Overview:
One of the top reasons people come to Alaska is to witness its wild, natural beauty and awesome scenery firsthand. Reach some of the most accessible vantage points on this four-day sample trip filled with family-friendly day hikes in the Southcentral region. All distances given are one-way.

Day 1 Flattop Mountain, Anchorage
Start your day in Anchorage with a hearty breakfast, because you’re about to bag a peak. Flattop Mountain is Alaska’s most-climbed mountain, easily identified from town by its namesake flat summit. Keep an eye out for moose, wild blueberries, and sometimes even brown or black bears as you hike. The trail measures 1.7 miles and is short but steep; the last few hundred feet require both hands and feet to maneuver up the steep, rocky path. But if your quads and acrophobia are up for it you can scramble to the wide, flat plateau that marks the top, where on clear days you can enjoy expansive views of Anchorage, Mount Susitna (aka “Sleeping Lady”) and even far-off Denali.

The starting point for this hike is known as the Glen Alps trailhead. If you don’t want to rent a car to make the drive, you can book a group shuttle from downtown Anchorage. Once you’re done, return the same way you came and treat yourself to a nice meal in the big city.

a hiker's paradise in southcentral Alaska

Day 2 Winner Creek Trail, Girdwood
The drive from Anchorage to Girdwood is an easy 45 minutes, but consider spending the night in this rainforest ski town. With a very high ratio of excellent restaurants compared to its small population, it’s the perfect place to refuel after your adventure on the Winner Creek Trail. Starting right behind Alyeska Resort, this mellow trail winds 2.4 miles through mossy forest to a sturdy hand tram, suspended high above the rushing waters of a glacier-fed creek. Step inside and pull yourself across the silty glacier creek, then back again. The trail continues, but this is a good turnaround point for a mellow hike.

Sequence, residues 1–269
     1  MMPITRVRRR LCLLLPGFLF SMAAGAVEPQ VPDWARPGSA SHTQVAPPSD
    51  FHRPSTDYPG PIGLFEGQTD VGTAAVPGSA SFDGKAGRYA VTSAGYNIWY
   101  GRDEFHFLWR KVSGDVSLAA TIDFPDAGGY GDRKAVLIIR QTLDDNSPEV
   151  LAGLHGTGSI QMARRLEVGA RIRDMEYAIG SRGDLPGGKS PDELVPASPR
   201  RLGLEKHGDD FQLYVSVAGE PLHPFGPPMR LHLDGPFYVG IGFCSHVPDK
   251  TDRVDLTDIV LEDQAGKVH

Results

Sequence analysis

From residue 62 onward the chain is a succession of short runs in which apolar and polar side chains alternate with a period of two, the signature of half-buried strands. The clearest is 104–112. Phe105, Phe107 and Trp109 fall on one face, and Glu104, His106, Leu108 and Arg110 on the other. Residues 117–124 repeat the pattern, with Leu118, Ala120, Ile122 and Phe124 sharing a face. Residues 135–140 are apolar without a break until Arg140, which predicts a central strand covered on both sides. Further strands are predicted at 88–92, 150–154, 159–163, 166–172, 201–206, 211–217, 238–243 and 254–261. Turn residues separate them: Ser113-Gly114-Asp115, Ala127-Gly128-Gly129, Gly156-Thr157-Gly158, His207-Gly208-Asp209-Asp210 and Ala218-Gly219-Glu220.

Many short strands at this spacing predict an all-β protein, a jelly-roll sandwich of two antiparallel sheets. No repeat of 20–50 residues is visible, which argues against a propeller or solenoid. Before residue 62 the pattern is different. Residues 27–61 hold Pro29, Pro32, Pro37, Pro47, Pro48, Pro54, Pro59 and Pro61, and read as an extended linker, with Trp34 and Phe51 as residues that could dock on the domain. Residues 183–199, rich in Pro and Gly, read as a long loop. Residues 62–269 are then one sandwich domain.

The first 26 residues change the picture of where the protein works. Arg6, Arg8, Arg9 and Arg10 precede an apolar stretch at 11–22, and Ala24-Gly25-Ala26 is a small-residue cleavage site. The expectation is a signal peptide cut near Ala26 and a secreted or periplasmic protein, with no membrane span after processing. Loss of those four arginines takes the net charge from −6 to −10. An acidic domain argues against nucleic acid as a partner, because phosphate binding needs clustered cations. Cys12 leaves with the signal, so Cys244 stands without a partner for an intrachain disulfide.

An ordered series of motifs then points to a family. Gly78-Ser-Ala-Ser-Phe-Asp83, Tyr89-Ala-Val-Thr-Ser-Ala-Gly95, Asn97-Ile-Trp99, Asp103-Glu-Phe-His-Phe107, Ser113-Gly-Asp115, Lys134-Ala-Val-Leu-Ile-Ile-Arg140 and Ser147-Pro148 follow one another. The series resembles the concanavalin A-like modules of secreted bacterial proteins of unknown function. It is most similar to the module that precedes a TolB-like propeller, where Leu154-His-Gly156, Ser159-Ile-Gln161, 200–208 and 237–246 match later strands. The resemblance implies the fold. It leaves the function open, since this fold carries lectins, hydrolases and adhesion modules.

Day 3 Crow Pass, Girdwood
Today, you’re going to hike the first five miles of the 23-mile Crow Pass Trail. Most hikers who’ve done the entire trip agree that the first five miles are the most beautiful, taking you through a lush mountain valley, across a rocky slope dotted with small cascades, and up to a lake-filled pass and views over nearby Raven Glacier. The trip is challenging but also exciting, and all but very young children can do it if you leave yourself enough time. Make sure you bring a picnic lunch to enjoy beside the lake.

Day 4 Ptarmigan Lake, Moose Pass
The Ptarmigan Lake trailhead starts at mile 23 of the Seward Highway—five miles past the small town of Moose Pass, which is itself about 60 miles from Girdwood. This rewarding, 3.5-mile hike winds through the forest to an alpine lake surrounded by steep, rocky peaks. Stop here and have lunch on the banks of the blue water, or continue walking the path alongside the long, narrow lake. Either way, you’ll be constantly bombarded with views of rocky peaks rising around the lake, covered first in trees, then wildflowers, and finally craggy summits topped with snow. After your hike, drive another 23 miles to Seward for dinner and either spend the night there, or drive the two-and-a-half hours back to Anchorage.